Students concentrating in Statistics acquire the conceptual, computational, and mathematical tools for quantifying uncertainty and making sense of complex data arising from many applications.

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Statistics provides quantitative methods for analyzing data, making rational decisions under uncertainty, designing experiments, and modeling randomness and variability in the world. Statistics has a theoretical core surrounded by a vast number of domains of application in fields such as: anthropology, astronomy, biology, business, chemistry, computer science, economics, education, engineering, environmental sciences, epidemiology, finance, government, history, law, linguistics, medicine, physics, psychology, sociology, and many others. A New York Times article pointed out the increasing demand for statisticians in an article with the headline: "For Today's Graduate, Just One Word: Statistics".

For Additional Questions

If you have questions, you can consult with:

Student Programs Administrator, Kathleen Cloutier, Science Center 400E (617-496-1402, cloutier@fas.harvard.edu)
Co-Director of Undergraduate Studies, Professor Joseph Blitzstein, Science Center 316.05 (617-496-2985, blitzstein@stat.harvard.edu)
Co-Director of Undergraduate Studies, Professor Kelly McConville, Science Center 316.04 (617-496-1824, kmcconville@fas.harvard.edu)
Associate Director of Undergraduate Studies, Professor Kevin Rader, Science Center 300D (617-495-5204, krader@fas.harvard.edu)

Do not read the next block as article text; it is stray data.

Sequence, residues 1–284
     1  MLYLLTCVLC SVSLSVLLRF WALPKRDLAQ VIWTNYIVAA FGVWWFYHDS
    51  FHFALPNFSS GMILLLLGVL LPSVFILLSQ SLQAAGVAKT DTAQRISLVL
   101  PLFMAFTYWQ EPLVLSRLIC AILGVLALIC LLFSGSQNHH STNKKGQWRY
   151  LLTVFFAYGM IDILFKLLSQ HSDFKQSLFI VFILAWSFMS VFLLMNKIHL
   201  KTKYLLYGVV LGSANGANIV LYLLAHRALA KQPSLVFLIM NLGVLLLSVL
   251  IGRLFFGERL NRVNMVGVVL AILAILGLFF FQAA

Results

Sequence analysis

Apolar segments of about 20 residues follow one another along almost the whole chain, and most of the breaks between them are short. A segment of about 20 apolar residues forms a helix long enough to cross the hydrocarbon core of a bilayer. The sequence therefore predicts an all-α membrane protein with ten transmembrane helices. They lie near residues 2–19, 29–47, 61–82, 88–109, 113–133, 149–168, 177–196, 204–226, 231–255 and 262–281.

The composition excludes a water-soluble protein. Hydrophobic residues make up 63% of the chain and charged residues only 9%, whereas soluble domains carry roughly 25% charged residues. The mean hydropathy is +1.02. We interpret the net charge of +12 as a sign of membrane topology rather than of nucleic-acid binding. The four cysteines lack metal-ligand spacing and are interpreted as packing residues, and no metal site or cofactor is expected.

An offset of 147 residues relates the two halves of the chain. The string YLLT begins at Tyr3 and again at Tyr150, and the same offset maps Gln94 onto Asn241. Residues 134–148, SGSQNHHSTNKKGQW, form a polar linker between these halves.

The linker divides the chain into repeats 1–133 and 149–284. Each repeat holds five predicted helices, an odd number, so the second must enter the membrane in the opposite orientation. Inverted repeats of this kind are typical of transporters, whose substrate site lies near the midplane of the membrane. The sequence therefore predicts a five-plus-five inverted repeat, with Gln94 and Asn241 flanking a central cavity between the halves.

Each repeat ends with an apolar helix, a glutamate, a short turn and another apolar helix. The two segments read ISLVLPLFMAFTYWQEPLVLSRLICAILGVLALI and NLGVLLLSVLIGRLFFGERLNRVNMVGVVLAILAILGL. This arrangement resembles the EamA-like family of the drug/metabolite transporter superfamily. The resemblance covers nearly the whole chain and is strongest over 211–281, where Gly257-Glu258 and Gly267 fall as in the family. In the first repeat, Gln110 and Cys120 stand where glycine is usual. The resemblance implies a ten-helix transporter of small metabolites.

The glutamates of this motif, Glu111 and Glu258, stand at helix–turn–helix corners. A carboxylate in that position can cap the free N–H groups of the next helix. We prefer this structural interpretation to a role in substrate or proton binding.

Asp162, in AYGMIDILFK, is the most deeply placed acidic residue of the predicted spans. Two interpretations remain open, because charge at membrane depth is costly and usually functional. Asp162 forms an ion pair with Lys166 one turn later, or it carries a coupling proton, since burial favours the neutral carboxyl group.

Undergraduate Program Information


Concentration Information

Learning in our Department


secondary field

Secondary Field Requirements 

Students primarily focusing on another discipline benefit from a solid grasp of Statistics, as well.


Degree Tracks

Concentration requirements are fulfilled via any of the four tracks. Explore them here.


Frequently Asked Questions

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Using Your Statistics Degree

Stephen Blyth

Stephanie Mitchell/Harvard Staff Photographer
Harvard Gazette, April 1, 2010

Recent alumni are applying their knowledge in a very wide variety of companies and graduate programs, including tech companies such as Google and IBM, investment banks such as Goldman Sachs and Credit Suisse, hedge funds such as D.E. Shaw and AlphaSimplex, medical schools, and Statistics PhD programs.

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